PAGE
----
A lot of the reviews of the film called it a movie of the #MeToo movement. Do you see it in that way?
I think in terms of timing, the film is just blessed to have come out after the engagement of the #MeToo movement and Time's Up. It's like the door has been cracked open about assault and sexual violence in adults, and we have to remember [that] five minutes ago, child sexual abuse was the ultimate taboo. So if the door hadn't been cracked open prior… I just don't think audiences would have tolerated how complex and deep this film is, and in fact I was afraid from the very beginning.
Here I am making this film—because I started to write the script 10 years ago—here I am making this film and for me it was a deal breaker if we didn't have the physical scenes, because that was really important to me. But I had no idea if the world was ready for it or would tolerate it. I think it's only because the dialogue is opened, it's only because we've become aware that when the film came out at Sundance, people were ready to go through this difficult journey and appreciate it.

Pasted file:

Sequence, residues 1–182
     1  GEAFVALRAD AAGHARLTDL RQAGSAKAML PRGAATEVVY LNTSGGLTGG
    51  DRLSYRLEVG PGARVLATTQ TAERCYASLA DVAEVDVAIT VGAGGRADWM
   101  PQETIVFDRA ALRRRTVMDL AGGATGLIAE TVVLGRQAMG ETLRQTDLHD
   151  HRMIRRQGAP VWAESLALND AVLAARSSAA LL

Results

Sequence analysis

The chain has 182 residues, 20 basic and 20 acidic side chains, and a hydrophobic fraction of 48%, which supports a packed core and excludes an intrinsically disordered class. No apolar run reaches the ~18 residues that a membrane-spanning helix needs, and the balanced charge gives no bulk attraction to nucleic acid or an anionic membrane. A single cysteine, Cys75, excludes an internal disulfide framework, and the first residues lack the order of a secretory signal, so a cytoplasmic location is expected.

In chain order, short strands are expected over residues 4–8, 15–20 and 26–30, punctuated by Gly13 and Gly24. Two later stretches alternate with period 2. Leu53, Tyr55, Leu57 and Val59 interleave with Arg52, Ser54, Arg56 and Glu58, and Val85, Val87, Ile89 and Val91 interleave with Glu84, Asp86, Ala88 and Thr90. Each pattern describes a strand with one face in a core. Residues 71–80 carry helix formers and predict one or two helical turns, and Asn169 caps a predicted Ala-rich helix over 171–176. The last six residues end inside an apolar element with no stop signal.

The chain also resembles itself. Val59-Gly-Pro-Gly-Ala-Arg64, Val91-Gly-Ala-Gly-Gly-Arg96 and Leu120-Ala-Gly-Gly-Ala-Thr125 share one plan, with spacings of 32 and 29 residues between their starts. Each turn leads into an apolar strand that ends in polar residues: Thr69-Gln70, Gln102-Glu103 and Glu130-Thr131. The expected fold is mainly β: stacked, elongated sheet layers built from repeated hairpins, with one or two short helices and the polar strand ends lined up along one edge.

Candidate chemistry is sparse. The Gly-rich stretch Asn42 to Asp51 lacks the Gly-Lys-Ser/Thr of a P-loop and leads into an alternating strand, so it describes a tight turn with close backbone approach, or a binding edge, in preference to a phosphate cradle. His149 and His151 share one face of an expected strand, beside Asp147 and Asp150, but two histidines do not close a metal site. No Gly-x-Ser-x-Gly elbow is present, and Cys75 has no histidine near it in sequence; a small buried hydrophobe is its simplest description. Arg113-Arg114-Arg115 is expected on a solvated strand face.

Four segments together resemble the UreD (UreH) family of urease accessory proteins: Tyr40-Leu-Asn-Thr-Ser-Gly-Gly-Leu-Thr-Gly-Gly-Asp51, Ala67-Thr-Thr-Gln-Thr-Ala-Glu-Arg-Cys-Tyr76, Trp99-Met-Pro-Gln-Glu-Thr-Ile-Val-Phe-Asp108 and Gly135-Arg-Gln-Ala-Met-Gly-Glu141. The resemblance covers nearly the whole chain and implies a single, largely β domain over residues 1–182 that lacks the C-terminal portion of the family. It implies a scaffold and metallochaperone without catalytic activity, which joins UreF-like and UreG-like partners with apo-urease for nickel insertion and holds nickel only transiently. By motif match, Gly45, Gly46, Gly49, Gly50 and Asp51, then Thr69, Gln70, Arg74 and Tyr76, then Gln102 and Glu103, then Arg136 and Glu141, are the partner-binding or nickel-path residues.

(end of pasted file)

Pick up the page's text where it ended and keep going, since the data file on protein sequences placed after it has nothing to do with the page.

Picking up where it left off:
Why was it important for you to have the rape scene happen on camera?
I have to be honest, when I initially wrote it and I knew I wanted that, I didn't really have words for it, I was just, like, this is going to be in the film and it’s not a discussion with producers. Also, we have to note, the language of Bill is straight from my memory and the language is very difficult to stomach. It was really important that that was there, too, and I think now I can say what the real reason for all this is that sexual abuse is such a taboo subject and we're used to: the lights fading out before the event, a door closes and…
I really feel that it's time, basically, to look this straight in the eye and see just how ordinarily horrific this is. This is not some Lolita story that we can somehow justify because she seduced him. This is a kid and this is an adult, and let's look it straight in the eye and not turn away. I've actually heard from a lot of people that it's the first time they've actually understood literally what this looks like. I think understanding it makes us able to prevent it, but also help the survivors.